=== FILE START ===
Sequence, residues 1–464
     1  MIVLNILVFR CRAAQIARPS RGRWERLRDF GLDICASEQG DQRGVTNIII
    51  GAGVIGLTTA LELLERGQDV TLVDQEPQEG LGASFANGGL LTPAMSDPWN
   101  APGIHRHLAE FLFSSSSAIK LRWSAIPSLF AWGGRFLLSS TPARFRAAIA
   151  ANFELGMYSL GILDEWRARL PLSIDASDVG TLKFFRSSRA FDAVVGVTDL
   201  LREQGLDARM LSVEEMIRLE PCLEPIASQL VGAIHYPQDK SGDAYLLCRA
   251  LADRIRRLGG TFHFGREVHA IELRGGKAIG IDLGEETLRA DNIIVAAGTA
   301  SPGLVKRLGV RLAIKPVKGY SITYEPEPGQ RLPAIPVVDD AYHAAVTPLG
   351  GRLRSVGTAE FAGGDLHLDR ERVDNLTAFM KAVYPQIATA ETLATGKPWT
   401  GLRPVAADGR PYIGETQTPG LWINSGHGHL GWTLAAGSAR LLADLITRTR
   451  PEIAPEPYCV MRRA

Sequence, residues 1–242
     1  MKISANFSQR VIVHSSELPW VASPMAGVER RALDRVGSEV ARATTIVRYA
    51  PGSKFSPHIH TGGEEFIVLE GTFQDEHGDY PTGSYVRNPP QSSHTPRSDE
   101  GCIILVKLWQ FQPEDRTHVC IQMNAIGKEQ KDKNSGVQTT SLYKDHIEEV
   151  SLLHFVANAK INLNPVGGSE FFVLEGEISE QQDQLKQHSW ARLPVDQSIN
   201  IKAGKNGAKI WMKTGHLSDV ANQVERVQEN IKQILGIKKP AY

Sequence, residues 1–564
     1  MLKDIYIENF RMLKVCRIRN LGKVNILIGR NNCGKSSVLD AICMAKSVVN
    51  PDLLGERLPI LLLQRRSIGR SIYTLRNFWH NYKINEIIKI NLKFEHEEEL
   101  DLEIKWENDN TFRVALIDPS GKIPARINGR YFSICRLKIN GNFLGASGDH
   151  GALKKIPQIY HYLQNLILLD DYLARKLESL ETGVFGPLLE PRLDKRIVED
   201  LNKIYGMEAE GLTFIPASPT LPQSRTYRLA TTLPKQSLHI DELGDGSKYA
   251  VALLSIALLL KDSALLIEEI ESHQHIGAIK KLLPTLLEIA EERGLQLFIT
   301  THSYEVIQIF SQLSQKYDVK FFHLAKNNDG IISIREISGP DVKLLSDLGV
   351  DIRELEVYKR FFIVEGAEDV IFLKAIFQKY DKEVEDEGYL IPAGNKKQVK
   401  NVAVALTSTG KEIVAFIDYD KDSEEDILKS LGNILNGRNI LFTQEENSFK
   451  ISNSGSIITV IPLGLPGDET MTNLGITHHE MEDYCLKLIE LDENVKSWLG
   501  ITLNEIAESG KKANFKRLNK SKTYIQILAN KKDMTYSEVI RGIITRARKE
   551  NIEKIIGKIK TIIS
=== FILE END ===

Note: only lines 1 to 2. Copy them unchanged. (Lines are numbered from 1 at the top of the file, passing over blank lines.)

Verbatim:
Sequence, residues 1–464
     1  MIVLNILVFR CRAAQIARPS RGRWERLRDF GLDICASEQG DQRGVTNIII